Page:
Here lies the problem. You feel strong at the top or lockout not due to muscular strength, but because of the small moment arm and thus the best possible leverage. This does not occur because your muscles act strongly near the top. As mentioned, the filaments start to overcrowd here, so they work weakly. Your feeling of strength here deceives you. Making an endpoint more difficult completely goes against how your body evolved to handle resistance.

Advocates may argue that using bands and chains teach acceleration. Since the weight grows heavier as you lift, this forces you to attempt to move fast. Although this may seem helpful, the intention itself makes the biggest difference. You simply need to tell yourself to move faster with your normal weight.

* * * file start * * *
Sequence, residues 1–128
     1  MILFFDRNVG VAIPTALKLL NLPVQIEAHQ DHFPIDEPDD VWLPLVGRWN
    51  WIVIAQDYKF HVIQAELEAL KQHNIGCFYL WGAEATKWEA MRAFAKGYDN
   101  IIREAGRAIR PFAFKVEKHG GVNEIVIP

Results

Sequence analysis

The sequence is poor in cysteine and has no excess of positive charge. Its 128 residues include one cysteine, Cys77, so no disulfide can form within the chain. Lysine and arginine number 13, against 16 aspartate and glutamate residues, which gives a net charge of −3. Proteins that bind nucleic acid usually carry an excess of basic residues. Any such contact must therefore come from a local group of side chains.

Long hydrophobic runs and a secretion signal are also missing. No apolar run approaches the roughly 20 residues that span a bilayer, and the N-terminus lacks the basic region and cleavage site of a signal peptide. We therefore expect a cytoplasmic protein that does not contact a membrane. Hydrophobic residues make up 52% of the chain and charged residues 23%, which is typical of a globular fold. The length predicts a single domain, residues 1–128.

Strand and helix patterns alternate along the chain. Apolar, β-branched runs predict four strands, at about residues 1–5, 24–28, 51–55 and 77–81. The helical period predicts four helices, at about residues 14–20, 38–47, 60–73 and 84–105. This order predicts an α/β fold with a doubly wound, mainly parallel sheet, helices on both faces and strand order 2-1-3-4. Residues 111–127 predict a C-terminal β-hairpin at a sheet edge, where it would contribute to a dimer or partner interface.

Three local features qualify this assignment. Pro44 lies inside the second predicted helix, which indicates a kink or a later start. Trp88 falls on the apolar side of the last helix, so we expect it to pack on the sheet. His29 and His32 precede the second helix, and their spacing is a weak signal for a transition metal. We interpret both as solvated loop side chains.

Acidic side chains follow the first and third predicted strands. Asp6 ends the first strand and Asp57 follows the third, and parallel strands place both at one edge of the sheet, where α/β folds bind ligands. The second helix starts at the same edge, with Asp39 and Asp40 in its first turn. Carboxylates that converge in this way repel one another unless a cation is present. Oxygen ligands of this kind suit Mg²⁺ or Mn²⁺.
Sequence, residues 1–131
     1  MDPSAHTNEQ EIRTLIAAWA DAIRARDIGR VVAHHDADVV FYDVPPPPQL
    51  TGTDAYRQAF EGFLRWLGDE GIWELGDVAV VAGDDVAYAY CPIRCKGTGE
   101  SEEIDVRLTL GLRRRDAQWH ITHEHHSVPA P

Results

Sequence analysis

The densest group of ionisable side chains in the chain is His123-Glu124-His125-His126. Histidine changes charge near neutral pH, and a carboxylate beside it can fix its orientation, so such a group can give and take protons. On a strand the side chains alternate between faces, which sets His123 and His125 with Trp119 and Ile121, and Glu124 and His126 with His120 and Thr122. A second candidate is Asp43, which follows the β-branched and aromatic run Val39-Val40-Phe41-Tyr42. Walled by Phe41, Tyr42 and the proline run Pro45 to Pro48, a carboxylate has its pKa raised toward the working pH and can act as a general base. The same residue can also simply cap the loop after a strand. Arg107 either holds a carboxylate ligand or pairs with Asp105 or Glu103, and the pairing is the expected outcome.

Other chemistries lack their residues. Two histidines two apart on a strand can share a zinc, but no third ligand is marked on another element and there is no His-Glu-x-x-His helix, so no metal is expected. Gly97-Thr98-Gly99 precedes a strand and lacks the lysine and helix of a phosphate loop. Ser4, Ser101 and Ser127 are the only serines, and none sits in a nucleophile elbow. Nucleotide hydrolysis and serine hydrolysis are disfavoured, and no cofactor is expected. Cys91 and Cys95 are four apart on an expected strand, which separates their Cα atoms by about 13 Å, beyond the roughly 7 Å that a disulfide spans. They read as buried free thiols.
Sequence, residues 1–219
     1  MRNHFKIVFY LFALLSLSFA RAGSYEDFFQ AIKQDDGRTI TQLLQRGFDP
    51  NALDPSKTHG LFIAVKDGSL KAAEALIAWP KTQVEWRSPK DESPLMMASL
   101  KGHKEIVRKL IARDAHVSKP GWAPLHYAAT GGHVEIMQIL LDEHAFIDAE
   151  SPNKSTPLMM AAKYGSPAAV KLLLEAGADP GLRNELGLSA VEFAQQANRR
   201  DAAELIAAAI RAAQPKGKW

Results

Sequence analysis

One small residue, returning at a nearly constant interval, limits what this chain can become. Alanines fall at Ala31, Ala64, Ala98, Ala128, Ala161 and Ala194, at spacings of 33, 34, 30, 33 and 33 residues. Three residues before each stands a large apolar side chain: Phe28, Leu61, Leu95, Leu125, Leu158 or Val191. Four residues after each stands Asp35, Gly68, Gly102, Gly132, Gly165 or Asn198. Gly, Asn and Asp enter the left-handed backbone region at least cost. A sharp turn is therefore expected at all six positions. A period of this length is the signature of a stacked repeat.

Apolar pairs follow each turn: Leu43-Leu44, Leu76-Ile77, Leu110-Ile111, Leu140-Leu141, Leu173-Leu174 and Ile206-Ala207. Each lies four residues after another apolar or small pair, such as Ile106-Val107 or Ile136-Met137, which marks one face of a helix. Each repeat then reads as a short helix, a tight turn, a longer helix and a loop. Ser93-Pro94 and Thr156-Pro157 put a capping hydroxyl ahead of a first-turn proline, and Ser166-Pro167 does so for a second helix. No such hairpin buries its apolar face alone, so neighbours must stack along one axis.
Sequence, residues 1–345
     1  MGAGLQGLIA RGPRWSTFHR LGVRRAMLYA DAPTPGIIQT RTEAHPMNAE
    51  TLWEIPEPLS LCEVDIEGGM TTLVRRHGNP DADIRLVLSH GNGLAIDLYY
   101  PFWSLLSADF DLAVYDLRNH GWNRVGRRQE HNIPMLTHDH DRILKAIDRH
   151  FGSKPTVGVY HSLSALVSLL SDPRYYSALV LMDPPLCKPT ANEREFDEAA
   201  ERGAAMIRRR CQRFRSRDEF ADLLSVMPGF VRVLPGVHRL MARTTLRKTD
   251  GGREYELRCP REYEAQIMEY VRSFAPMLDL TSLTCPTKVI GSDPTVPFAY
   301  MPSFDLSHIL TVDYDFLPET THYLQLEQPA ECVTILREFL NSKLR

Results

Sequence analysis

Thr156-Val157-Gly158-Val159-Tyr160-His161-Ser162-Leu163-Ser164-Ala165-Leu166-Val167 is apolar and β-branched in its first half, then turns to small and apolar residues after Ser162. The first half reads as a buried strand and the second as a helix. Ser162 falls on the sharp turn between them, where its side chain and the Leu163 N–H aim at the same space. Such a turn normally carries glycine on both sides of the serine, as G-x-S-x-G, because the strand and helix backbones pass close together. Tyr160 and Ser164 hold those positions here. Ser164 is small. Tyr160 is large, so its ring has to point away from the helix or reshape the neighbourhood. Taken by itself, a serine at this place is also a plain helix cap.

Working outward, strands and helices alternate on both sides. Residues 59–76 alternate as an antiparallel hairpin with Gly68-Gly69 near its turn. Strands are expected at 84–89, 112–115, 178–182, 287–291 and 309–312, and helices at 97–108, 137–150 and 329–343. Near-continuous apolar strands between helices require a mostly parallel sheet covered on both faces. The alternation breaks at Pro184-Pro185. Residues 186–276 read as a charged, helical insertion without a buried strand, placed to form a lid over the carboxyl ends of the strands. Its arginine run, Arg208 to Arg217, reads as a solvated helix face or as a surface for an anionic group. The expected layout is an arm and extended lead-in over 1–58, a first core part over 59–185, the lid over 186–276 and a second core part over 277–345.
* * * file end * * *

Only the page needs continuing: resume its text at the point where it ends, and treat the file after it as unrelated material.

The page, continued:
Others may argue that these tools work because some of the elite use them and therefore need no explanation. Consider that they work only because they do not detract from the other important work powerlifters and athletes do. Perhaps it even gives their muscles a break without them realizing it, since it challenges them less.

Why should you find this important? These tools complicate training in a way that actually reduces your results. You will not teach your muscles to overcome sticking points.

Instead, overcome a sticking point through speed. Your body has a natural mechanism to reduce weakness at the bottom of any exercise. At the bottom of a bench press, even though your muscles weaken, you can use stored energy to get a boost on the way back up. Imagine when someone tries to jump as high as possible. They always do a quick counter-movement downward, before exploding into the air.